For the sake of discussion, let’s move the argument about what to do with the Charity Hospital building beyond the possibility of it returning as a hospital and consider some other ideas. It remains a wonderful, sturdy building with great possibilities. Some thoughts, in descending order:
3. Make it a medical residential and office complex.
• Economic growth for the neighborhood (which is a given for all three of these suggestions)
• Because it would provide housing, there would be 24-hour day- and nightlife within the neighborhood.
• Possible FEMA dollars
• Project could be ripe for private development.
2. Make it a parish office building.
To understand this idea advanced by retiring Civil Sheriff Paul Valteau, you need to understand that because the city of New Orleans and Orleans Parish share the same boundaries, there are two types of government, city and parish. City Hall is the seat of city government. Parish government includes many of the judicial and clerical functions plus the school board. Valteau says that Orleans is the only parish without a parish government building.
• Combination of services under one roof
• Project would free up prime property now being used by the civil court building next to City Hall.
• Valteau thinks FEMA funding would be available.
1. Make it the new City Hall.
Although modern in architecture, the present City Hall is a bit rundown and has never won many hearts in a city known for its elegant buildings. The Nagin administration’s failed attempt to have City Hall move into the Chevron Building was at least an acknowledgment that a new place is needed.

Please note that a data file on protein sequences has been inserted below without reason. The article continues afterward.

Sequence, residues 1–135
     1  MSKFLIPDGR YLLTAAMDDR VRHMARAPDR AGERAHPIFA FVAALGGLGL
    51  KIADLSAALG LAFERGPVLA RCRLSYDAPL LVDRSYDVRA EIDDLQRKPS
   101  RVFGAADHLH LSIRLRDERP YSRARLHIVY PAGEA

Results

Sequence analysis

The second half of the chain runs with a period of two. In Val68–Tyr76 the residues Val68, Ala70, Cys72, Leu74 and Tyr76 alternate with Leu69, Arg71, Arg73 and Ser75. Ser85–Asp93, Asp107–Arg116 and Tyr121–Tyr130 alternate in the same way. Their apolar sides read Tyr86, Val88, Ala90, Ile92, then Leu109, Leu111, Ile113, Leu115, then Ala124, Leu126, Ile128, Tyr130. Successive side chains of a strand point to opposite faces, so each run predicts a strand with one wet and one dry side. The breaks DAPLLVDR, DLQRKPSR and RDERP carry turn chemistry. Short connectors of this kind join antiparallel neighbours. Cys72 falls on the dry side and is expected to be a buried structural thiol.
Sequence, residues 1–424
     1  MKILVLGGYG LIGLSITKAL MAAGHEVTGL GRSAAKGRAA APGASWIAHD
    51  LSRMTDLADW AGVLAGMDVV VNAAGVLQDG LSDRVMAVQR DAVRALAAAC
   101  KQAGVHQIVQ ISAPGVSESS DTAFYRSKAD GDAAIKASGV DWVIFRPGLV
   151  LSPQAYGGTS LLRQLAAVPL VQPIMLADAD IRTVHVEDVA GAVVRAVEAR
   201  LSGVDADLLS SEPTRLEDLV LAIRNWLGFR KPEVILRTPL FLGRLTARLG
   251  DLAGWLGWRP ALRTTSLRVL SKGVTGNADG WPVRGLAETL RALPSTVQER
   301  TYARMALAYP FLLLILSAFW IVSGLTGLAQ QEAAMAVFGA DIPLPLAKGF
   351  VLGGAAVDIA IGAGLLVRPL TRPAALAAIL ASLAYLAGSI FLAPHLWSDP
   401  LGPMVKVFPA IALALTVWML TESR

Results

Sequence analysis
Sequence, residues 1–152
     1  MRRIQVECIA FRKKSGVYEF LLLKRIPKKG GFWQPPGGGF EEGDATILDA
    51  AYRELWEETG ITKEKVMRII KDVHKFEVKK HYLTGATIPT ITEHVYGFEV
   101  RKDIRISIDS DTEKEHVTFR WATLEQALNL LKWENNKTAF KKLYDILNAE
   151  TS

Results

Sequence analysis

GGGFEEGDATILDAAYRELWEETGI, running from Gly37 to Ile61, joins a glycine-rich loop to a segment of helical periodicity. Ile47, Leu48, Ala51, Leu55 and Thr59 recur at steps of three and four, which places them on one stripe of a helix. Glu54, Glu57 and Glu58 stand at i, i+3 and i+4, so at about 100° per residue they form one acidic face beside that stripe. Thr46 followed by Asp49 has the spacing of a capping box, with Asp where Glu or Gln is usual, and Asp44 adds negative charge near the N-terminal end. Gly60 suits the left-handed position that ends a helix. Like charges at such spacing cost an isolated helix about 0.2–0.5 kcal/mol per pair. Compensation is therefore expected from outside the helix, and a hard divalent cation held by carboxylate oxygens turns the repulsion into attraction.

• Building is large enough to house many of the offices now occupying rented space outside of City Hall.
• Art deco design could make a good architectural statement.
• There is public green space for gatherings or demonstrations, as is appropriate for the seat of government.
• Site of the current City Hall could be open for new development .
• Possible FEMA funding
• Revenue from sale of present City Hall site
As a new administration prepares to take office, now is the time to look for new ideas. Your thoughts? And wouldn’t it be wonderful if, in its second life, Charity Hospital would provide some emergency care for brining life to our recovery?
Krewe: The Early New Orleans Carnival – Comus to Zulu by Errol Laborde is available at all area bookstores. Books can also be ordered via e- mail at email@example.com or (504) 895-2266.
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